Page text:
Art & Culture

The 170th Anniversary of the Caste War

The history of the state of Quintana Roo is strongly tied to the conflict that took place here over a century and a half ago.

To know the history of the Caste War means to also know the history of Quintana Roo. This state has opened its doors to Mexicans from all over the country and foreigners from so many countries. On Sunday, July 30, the anniversary of the Caste War (also known as the Maya Social War) was celebrated. The event was held in Tihosuco, a municipality of Felipe Carrillo Puerto. There was a solemn session of the state congress, at which governor Carlos Joaquín González was present. The event looked back on historical events that occurred 170 years ago, in the year 1847 during the long pilgrimage of war that lasted more than 50 years. They spoke of the Maya leaders and heroes of the Yucatan Peninsula who fought with great courage against the oppression and false promises of Mexicans, ecclesiastics and great Spanish landowners. Among those recognized with the Maya Indigenous Medal of Merit were “Cecilio Chi” (Maya hero), and Crescencio Pat Cauich, a descendant of the great Maya warlord Jacinto Pat. In addition, the System of Charges of the Mayan Sanctuaries of Central Quintana Roo was also recognized as an intangible cultural patrimony of the state. This system of charges is installed through a permanent guard of the sanctuaries located in Tixcacal Guardia, Felipe Carrillo Puerto, and Tulum, among others. It responds to a military organization, derived precisely from the nineteenth century during the war. In Quintana Roo, the commoners among the Maya took refuge in the jungle. At that time, they took control of these lands, their milpas, their lives, their beliefs, their culture and their freedom. Through this was born the Maya-Catholic cult of the Talking Cross, which was guarded in the sanctuary by a system of guards that continues today. This is the reason it has been distinguished with the appointment of patrimony.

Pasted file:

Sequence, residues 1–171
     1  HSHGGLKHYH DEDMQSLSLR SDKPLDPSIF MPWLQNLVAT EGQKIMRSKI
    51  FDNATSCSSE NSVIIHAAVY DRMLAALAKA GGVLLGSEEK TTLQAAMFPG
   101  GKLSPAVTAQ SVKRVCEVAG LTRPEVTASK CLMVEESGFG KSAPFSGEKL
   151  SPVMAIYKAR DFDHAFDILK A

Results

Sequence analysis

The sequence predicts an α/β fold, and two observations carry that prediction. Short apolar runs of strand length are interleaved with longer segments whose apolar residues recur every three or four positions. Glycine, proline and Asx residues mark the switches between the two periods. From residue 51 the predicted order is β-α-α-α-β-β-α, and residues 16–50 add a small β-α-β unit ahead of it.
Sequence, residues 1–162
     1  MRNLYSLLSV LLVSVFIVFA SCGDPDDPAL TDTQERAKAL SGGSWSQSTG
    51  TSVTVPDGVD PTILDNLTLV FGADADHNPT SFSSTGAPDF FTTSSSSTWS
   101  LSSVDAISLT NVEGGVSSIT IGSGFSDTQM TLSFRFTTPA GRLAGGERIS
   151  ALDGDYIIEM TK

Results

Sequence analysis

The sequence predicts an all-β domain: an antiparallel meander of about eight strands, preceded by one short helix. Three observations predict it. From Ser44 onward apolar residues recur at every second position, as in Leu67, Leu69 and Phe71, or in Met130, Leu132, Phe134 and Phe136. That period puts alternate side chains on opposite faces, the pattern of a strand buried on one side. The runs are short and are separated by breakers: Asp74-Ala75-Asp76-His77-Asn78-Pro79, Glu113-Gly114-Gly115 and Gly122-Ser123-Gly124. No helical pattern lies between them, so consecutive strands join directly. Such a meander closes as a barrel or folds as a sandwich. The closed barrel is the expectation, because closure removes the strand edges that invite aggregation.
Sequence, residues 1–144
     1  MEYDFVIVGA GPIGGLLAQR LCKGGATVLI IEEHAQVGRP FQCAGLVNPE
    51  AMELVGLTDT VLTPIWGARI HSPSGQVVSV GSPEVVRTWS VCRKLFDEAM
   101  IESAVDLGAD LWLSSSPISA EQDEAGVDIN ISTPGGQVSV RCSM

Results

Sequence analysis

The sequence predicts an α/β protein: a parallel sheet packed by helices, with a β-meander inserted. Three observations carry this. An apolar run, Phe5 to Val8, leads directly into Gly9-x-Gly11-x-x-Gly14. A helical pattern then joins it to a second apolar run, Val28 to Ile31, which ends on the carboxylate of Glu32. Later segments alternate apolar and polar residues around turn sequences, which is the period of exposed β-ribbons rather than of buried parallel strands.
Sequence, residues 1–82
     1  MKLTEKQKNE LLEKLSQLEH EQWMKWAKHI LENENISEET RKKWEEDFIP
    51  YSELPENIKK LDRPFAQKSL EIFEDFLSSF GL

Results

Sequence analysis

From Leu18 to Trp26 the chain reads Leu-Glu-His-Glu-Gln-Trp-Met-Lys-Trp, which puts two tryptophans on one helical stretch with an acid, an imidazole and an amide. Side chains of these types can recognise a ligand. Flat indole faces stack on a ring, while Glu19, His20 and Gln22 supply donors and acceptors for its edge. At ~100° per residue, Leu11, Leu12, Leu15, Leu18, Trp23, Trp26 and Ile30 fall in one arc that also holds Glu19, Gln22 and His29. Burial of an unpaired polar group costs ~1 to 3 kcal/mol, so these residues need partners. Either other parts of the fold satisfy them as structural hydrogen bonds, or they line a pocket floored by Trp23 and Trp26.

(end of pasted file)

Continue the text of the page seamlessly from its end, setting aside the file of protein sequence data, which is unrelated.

To learn more, you must travel through the towns of Quintana Roo and its Maya Zone. For more information on the Caste War, I recommend reading Nelson Reed’s book: “The Yucatán Caste War”.

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